New version of Skills Framework for the Information Age adds cyber element to range of descriptions and reduces emphasis on ‘IT’
Cyber security has been given a prominent position in the new version of the Skills for Information Age framework.
SFIA 6, developed by the SFIA Foundation, includes a series of updates on the previous version, including the introduction of two new skills related to security: digital forensics and penetration testing.
Matthew Burrows, the SFIA 6 design authority, said the changes reflect the changes in terminology and emergence of new technologies that influence the approach of organisations in looking to define and develop skills.
The transition document for SFIA 6 shows that explicit references to security have been added to the descriptions of several skills, including solution architecture, data management, systems design and change management. In addition, the three core skills of information assurance, information security and security management have all been updated.
Increase in number
Speaking at an event staged with the foundation’s partners BCS The Chartered Institute for IT and The Tech Partnership, Burrows said the overall number of skills listed has been increased from 96 to 97, with some being absorbed within others while new ones have been added. They are still broken down into six categories and graded up to seven levels.
Among the other updates are a reduced emphasis on the term ‘IT’, and an increased focus on ‘digital skills’, such as changing ‘marketing’ to ‘digital marketing’.
Asked what difference the new framework could make for public sector organisations in running transformation projects, Burrows said it would make it easier for users to find support on individual skillsets.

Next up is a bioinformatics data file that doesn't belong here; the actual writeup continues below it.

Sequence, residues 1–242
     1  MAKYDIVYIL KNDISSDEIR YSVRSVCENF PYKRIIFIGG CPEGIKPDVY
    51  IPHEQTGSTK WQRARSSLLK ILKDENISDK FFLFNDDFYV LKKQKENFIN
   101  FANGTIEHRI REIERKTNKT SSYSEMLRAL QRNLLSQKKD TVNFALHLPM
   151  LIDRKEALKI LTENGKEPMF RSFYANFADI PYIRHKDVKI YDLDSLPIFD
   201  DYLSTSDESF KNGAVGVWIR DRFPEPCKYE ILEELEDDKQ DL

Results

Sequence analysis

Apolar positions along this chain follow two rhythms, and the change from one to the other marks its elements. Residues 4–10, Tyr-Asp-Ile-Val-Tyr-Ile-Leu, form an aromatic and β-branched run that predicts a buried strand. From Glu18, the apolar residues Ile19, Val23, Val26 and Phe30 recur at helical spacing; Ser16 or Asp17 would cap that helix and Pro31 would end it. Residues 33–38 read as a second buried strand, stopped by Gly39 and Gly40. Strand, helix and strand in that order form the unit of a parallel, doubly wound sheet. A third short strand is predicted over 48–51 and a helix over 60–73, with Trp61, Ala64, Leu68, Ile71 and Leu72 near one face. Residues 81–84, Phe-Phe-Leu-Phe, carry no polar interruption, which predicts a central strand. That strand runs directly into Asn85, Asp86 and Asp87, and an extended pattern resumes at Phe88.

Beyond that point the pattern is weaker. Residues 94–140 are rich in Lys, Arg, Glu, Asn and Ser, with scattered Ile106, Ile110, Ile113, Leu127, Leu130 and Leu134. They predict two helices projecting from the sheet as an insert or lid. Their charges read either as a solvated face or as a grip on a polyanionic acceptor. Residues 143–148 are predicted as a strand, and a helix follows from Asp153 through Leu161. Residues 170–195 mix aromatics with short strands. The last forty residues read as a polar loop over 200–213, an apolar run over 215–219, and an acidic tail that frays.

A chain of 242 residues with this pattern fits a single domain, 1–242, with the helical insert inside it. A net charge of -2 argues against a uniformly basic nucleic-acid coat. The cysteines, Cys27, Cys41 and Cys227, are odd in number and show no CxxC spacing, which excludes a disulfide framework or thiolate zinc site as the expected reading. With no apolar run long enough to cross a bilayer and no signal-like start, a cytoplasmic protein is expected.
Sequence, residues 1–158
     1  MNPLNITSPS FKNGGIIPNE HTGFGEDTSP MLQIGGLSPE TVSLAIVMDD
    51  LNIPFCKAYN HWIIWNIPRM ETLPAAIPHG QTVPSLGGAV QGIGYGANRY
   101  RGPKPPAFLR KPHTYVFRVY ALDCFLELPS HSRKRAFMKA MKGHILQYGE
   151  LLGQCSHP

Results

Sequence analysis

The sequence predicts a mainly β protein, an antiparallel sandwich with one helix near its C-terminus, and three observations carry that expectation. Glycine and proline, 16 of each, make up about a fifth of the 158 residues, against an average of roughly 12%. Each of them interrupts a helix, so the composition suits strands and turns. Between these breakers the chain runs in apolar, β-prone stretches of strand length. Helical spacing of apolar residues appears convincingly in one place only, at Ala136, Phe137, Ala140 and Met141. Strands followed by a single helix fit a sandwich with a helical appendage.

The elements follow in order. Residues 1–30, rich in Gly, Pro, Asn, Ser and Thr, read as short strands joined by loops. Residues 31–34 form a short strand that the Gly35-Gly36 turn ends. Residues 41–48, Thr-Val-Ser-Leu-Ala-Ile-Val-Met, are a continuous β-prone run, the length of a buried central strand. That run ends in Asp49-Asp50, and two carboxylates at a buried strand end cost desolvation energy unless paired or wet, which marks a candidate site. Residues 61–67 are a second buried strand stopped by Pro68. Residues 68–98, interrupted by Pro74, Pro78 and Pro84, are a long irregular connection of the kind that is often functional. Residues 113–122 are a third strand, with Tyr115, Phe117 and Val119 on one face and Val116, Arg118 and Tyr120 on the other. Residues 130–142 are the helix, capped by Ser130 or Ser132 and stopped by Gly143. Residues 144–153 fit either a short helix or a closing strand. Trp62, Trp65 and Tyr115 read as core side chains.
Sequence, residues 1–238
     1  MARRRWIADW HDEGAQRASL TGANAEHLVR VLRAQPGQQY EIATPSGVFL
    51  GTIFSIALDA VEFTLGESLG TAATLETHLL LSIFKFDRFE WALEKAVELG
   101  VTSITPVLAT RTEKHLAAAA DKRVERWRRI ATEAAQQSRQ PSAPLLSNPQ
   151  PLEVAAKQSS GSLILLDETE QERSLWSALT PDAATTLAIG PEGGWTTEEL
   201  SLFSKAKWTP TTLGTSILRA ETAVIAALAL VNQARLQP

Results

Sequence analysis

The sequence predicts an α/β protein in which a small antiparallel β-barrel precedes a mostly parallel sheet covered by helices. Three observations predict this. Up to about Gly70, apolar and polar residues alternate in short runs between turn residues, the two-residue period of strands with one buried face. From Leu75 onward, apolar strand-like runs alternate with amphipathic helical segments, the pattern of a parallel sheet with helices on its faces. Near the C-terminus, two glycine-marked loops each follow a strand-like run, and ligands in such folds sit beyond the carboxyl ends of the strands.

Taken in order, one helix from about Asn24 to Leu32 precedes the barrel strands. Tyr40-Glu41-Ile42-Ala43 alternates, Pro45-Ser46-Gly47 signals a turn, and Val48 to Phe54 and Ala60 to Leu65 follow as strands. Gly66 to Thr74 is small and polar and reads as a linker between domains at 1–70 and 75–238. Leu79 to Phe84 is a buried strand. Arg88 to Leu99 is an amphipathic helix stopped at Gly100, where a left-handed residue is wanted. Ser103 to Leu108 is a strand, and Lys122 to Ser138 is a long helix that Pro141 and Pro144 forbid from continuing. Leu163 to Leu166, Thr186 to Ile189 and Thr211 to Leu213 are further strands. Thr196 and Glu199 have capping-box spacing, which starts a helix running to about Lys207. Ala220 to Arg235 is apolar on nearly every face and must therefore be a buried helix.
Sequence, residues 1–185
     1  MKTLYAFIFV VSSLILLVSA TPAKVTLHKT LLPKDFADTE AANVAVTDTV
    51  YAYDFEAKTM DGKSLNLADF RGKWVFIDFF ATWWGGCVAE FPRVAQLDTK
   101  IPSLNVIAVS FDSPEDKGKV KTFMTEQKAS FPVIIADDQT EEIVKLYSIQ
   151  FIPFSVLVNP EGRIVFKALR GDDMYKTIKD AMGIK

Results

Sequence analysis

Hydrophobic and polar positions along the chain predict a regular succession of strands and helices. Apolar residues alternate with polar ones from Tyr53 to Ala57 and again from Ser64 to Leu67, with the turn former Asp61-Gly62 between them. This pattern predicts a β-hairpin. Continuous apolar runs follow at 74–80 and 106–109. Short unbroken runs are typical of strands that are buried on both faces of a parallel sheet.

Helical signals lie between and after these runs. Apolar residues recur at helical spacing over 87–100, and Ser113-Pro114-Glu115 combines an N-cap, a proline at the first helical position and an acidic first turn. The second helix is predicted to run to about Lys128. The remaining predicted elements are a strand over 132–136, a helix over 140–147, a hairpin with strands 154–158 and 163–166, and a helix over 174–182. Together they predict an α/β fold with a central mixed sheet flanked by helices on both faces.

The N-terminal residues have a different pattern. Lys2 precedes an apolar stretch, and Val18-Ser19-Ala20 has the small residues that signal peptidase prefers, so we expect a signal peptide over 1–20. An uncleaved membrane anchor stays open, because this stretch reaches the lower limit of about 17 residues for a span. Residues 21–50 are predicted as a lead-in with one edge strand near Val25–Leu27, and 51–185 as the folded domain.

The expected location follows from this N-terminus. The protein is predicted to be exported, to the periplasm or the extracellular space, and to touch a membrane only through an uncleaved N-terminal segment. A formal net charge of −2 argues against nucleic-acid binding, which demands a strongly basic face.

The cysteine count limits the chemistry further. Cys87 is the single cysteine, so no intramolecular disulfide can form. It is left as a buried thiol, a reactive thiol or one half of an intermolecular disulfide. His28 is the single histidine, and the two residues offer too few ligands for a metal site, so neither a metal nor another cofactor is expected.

“The main difference is, because version 5 was delivered at the end of 2011, some of the terms were not in use and some people were looking at SFIA and asking ‘Does it cover all the skills that are needed?’” he said. “If you do a word search and it doesn’t cover ‘cyber’ the assumption is that SFIA doesn’t cover cyber security skills. There were in fact 26 skills that were relevant to information security, but they maybe didn’t use the right language.
“Some of it is just language, and some of it is something that wasn’t happening before. So the biggest difference is bringing it up to date.”
He added that the foundation has had discussions with the Government Digital Service about the possibility of linking SFIA 6 with the development of a GDS digital and technology skills matrix.
The framework provides employers and practitioners with support to define the skills they need and use it in programmes and creating job profiles.
Adam Thilthorpe, chair of the SFIA Foundation and director of professionalism at the BCS, said: “The question that all organisations must seek to answer in today’s environment is whether they have the capability to disrupt themselves, before someone does it to them. SFIA provides a common language for us all to discuss our skills needs for the present and the future.”